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MaritimeSponsored InsightsSupply Chains

South Carolina Ports CEO unpacks increasing pressure on ports

Timely launch of Leatherman Terminal adds initial capacity of 700,000 TEUs

The pandemic-spawned import booms, capacity shortages and shutdowns have proved again and again the rigidity of port and supply chain infrastructure. After all, the port industry plans its infrastructure decades in advance, so increasing capacity overnight is nearly impossible. Some ports more than others, however, have demonstrated agility and operational foresight.

In an exclusive interview with FreightWaves, Jim Newsome, CEO and president of South Carolina Ports Authority, unpacked three causes of congestion challenges. He also details how the SC Ports infrastructure investments of over $2 billion are actively improving the handling of cargo volumes and helping ensure capacity and berth availability, as cargo ships are growing to handle up to 20,000 twenty-foot equivalent units.

We really had no idea what a pandemic would look like,” said Newsome. “We were positively surprised starting in August 2020, because unforeseen to us, people were at home working on Zoom, probably looking around their house and not liking what they saw. So they started buying stuff for their homes. If you look at the fastest-growing commodity, it is furniture by a long shot, and most furniture is made in Asia today.”

Not only did consumers begin focusing on goods rather than services, they were doing more online shopping than before. Online sales in 2021 are expected to surpass 2020 by up to 23%.  This growth created a demand for e-commerce distribution warehousing and slowed movement of containers at terminals. Newsome recalled a recent Prologis study that said the current warehouse shortage was 300 million square feet. Rising imports and the need for more distribution centers can increase import dwell times.

Newsome also believes that after 30 major retailers — like Amazon, Walmart and Target ⁠— were deemed essential businesses, there was a rise in global imports, since large retailers tend to participate in more global sourcing than small retailers.

With foresight and luck, SC Ports launched Hugh K. Leatherman Terminal in March 2021 ⁠— the first greenfield port container terminal in the U.S. in more than a decade. Phase 1 of its opening adds 700,000 TEUs of capacity to the East Coast port market, including a 1,400-foot berth, five ship-to-shore cranes, 25 hybrid rubber-tired gantry cranes and a large container yard. 

“As the logistics industry deals with rising volumes amid the ongoing velocity slowdown, the need for more capacity across the supply chain is more evident than ever,” Newsome said. “SC Ports has strategically invested in port infrastructure, ensuring it has the capacity today to efficiently handle growing cargo volumes and rising retail imports for customers.”

SC Ports will be hiring 150 new people this year to ensure enough operators for each machine at its container terminals. That is key to getting trucks turned around quickly, a boon to both the bottom line and sustainability.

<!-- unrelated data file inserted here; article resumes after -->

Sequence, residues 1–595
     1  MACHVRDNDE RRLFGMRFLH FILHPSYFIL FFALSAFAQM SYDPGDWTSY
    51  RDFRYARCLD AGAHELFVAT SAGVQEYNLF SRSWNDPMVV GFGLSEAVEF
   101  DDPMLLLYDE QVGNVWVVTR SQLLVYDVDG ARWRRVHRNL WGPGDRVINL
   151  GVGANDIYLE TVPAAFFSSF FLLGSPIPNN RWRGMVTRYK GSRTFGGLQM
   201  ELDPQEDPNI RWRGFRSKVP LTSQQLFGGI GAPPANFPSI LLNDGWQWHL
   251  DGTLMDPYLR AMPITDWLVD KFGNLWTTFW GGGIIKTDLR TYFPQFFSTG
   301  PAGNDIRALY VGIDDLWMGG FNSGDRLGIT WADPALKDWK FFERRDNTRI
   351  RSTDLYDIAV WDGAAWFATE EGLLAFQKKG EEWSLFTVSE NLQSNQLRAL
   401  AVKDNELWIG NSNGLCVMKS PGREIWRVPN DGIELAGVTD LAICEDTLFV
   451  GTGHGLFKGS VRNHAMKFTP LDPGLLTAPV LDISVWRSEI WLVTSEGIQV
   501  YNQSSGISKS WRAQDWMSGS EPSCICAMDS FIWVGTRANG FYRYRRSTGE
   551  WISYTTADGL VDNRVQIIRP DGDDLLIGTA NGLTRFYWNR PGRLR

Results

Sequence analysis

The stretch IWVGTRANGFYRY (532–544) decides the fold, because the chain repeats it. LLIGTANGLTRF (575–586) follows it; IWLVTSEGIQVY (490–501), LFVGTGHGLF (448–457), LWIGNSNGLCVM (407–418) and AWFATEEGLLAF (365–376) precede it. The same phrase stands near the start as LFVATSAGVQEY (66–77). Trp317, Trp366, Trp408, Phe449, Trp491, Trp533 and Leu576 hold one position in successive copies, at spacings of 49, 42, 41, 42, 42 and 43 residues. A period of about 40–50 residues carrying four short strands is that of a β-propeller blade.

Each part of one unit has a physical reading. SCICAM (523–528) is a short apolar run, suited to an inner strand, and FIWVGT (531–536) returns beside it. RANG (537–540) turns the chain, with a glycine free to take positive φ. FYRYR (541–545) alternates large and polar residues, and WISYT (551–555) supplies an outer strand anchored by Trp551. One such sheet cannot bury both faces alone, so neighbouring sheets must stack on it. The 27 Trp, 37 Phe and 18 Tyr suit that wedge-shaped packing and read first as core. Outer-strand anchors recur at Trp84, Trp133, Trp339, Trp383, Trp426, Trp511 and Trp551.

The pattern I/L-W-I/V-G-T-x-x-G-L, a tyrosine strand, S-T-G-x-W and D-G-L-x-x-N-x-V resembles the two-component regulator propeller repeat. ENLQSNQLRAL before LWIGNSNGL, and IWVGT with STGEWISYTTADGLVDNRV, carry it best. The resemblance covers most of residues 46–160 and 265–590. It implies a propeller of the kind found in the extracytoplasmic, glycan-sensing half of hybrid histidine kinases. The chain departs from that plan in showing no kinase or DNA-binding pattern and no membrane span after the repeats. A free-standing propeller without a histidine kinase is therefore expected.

“Believe it or not, the major thing that a port can do to positively influence its emissions is to make sure trucks get in and out fast,” Newsome said. 

It will be 2030 before the United States sees another new terminal the size of Leatherman, which will offer 2.4 million TEUs of capacity. In 2015, because a growing number of Asian imports were arriving through East Coast ports, SC Ports began this proactive $2 billion infrastructure campaign. It included not only the new terminal build-out, but also the modernization of the Wando Welch Terminal and expansion of Inland Port Greer ⁠— the rail-served inland port in upstate South Carolina, which can access 94 million consumers within a one-day truck trip. 

“Inland Port Greer enables us to get a quantity of containers off our port terminals and into the inland port where they’re needed for customers,” said Newsome. 

While the momentum to use East Coast ports for Asia imports was growing pre-pandemic, the surge of import demand during the pandemic reversed the trend back to the West Coast. However, the well-documented 65 (and counting) container ships at anchor off the coast of California reveals that strategy isn’t working so well, either. 

“While 50% of the cargo going into the United States passes through three gateways, people are now starting to shift back to the East Coast and particularly the Southeast where we have population growth,” Newsome said. “The Southeast will continue to grow above the market through next year. South Carolina Ports has berth availability, cargo capacity and efficient operations to keep the supply chain fluid for retailers.”

Corrie White

Corrie is fascinated how the supply chain is simultaneously ubiquitous and invisible. She covers freight technology, cross-border freight and the effects of consumer behavior on the freight industry. Alongside writing about transportation, her poetry has been published widely in literary magazines. She holds degrees in English and Creative Writing from UNC Chapel Hill and UNC Greensboro.

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